MATHIAS CORMANN: In any Budget there is always a lot of moving parts. For example, the iron ore price forecasts in the Budget is $48 US a tonne, which was based on the average price over the four weeks prior to 1 May when we had to lock that particular assumption in. It has actually right now tracking quite a bit higher at $58 US a tonne. The truth is that somewhere along the way when you put a Budget together you have to draw a line and make a judgement based on the best available information at that point in time. Later this year before Christmas, there will be another update and people can see how we have been tracking against our forecast.
STUART BOCKING: Just on the so-called ‘double dipping’ of paid parental leave which again I think is a sensible move to close it off, Scott Morrison, Joe Hockey, they have used terms like rorters, fraudsters to describe those who at the moment are legally double dipping if you like, as it stands, do you feel like that language is too harsh? How would you describe it?
MATHIAS CORMANN: Nobody that is currently accessing two paid parental leave schemes is doing anything illegal. There is no two ways about that.
STUART BOCKING: So they are not rorters and they are not fraudsters are they?
MATHIAS CORMANN: No. No. What we are saying is…interrupted
STUART BOCKING: So was Scott Morrison wrong to say that?
MATHIAS CORMANN: I haven’t heard him say that. What we are saying, the proposition that we are putting, is that most Australian women have access to one paid parental leave scheme that is funded by the taxpayer and provided by the Government. Some women are able to access two, both a more generous paid parental leave scheme through their private or public sector employer and also, on top of that, have access to the default scheme funded by the taxpayer. Now our proposition is, that that is not really fair. The taxpayer should not be required to pay for a second scheme when a more generous scheme is available through the private or public sector employer.
STUART BOCKING: But importantly, you disagree with what your cabinet colleagues are saying with the use of terms like rorters and fraudsters.
MATHIAS CORMANN: I haven’t heard anyone say this. Obviously, right now, it is legal for certain women to access both schemes.
STUART BOCKING: Tell me, this knee-jerk decision to suddenly overturn approval for a modest aged-care facility on Middle Head, we have opened ourselves up to potentially compensation from the operator of that. Do you know what sort of compensation we could be looking at, as a result of that decision?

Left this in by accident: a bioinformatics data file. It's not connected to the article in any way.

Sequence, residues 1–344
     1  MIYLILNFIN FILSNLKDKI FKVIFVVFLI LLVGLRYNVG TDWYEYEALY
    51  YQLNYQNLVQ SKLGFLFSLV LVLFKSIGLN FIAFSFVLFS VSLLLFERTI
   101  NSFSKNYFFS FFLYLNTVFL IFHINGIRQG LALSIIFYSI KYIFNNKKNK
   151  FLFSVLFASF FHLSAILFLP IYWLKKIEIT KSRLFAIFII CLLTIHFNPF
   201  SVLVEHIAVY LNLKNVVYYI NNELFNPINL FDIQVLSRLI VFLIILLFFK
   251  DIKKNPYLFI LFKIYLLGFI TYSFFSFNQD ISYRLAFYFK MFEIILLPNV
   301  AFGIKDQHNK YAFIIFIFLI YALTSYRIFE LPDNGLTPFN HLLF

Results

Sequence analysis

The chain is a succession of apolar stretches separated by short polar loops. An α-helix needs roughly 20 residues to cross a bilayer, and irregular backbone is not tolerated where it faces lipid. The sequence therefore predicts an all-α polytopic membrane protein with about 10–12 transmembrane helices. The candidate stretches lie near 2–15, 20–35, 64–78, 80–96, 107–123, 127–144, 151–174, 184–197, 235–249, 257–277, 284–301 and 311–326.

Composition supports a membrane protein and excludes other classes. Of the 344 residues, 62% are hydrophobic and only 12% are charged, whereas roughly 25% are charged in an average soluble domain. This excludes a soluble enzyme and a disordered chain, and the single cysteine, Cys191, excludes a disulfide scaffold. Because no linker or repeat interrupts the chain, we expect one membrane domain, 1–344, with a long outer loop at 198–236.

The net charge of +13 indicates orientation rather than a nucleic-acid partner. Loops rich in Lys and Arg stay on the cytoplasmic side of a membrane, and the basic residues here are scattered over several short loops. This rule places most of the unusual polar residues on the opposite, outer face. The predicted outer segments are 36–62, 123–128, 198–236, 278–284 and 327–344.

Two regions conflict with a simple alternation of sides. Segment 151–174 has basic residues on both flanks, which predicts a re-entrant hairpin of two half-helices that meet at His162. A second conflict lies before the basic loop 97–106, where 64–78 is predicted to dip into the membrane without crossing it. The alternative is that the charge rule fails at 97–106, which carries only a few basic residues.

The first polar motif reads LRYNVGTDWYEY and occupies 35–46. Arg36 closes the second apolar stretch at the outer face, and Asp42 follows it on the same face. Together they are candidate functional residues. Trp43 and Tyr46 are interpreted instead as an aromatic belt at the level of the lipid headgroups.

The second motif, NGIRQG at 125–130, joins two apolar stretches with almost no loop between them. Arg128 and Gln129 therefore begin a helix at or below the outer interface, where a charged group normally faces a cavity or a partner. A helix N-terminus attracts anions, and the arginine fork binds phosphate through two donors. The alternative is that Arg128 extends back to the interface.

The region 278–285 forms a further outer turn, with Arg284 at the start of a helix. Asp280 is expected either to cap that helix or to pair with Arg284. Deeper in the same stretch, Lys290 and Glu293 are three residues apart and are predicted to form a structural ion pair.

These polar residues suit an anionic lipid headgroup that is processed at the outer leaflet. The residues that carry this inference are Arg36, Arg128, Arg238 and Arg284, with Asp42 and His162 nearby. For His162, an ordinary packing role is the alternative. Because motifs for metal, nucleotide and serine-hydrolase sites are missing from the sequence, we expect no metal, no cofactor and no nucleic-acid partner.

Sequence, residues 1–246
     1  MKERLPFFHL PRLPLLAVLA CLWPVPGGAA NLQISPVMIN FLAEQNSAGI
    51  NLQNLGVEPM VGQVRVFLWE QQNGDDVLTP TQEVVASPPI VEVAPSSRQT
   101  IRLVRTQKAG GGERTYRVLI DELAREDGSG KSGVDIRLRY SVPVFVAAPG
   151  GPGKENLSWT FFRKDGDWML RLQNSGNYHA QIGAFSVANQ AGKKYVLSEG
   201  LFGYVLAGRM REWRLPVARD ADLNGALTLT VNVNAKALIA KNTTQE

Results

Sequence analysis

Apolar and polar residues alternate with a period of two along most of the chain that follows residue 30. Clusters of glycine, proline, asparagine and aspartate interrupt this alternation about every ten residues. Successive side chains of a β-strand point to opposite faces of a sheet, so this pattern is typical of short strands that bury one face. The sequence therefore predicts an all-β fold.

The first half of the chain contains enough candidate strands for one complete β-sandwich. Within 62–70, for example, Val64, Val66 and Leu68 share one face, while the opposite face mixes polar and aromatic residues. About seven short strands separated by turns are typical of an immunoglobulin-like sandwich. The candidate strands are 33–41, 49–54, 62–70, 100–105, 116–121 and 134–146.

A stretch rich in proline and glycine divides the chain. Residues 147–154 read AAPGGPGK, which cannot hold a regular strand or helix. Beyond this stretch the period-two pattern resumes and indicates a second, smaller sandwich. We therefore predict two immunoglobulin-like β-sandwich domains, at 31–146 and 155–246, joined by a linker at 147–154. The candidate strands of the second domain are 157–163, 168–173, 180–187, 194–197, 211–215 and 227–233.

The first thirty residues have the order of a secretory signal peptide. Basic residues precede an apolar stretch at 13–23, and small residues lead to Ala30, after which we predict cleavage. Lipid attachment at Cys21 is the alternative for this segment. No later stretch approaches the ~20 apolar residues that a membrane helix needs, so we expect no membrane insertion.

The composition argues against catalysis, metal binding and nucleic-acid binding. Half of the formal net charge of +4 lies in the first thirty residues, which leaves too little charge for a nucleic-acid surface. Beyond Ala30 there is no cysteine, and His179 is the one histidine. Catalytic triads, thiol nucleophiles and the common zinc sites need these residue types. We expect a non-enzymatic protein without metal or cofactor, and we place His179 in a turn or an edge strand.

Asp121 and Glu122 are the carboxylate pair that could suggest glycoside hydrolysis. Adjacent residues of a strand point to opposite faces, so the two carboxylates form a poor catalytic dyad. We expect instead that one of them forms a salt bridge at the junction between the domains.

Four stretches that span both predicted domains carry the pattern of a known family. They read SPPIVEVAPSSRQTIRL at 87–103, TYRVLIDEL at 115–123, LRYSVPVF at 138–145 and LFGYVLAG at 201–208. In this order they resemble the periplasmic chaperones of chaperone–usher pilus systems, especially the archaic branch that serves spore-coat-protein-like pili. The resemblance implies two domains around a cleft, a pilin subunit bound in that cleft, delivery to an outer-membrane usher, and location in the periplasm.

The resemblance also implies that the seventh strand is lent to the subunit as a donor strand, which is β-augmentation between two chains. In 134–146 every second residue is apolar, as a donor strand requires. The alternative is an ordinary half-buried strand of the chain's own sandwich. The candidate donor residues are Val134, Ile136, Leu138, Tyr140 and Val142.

MATHIAS CORMANN: That is not an issue that I am across, I am sorry.
STUART BOCKING: I just wondered as Finance Minister, whether that was something you would be aware of. Just one other while I have got you, it’s emerged now that a women by the name of Miss Lola Lang Wee apparently is the person who has now purchased this Villa Del Mare which Joe Hockey has determined had to be divested by another foreign purchaser who had broken the rules. Now I note today that she runs a company from her luxury apartment at Piermont’s Waterfront, it is worth a little under $3 million, she has a mortgage against that premises of $1 million and yet supposedly we are meant to believe she has taken a caveat out on a property worth close to $40 million. Do you have concerns that I have, that some of these foreign purchasers are going to find clever ways around the new crackdown on these rules, because I would wonder how someone with a mortgage of $1 million over a $3 million property could suddenly be able to upgrade to one worth $40 million.
MATHIAS CORMANN: I am not personally aware of the specific circumstances that you are talking about, but by way of a general point. We are committed to ensuring that our foreign investment rules and compliance with our relevant foreign investment rules is properly enforced. There are compliance arrangements in place and the appropriate authorities will assess any issues that need to be assessed if that is appropriate.
STUART BOCKING: Because you would have to wonder, whether someone now thinking about tricky ways to get around these rules that you are imposing, which are reasonable rules, but it seems perhaps some might be intent on trying to bend them.
MATHIAS CORMANN: I don’t know what the circumstances are here, but by way of general comment, I think that it is always a challenge for regulatory authorities to try and ensure that anyone who is trying to circumvent rules that should apply to everyone is properly enforced to comply with them.
STUART BOCKING: Could you have a look at it because I would be keen once you get a few more details on it to see what your view is and to see what we can possible do to follow up on it.
MATHIAS CORMANN: I will pass on the enquiry to the Treasurer, for sure.
STUART BOCKING: Okay, alright. Look I appreciate your time this morning Minister. Thank you.
MATHIAS CORMANN: Always good to talk to you.
STUART BOCKING: All the best to you, the Finance Minister that is Senator Mathias Cormann.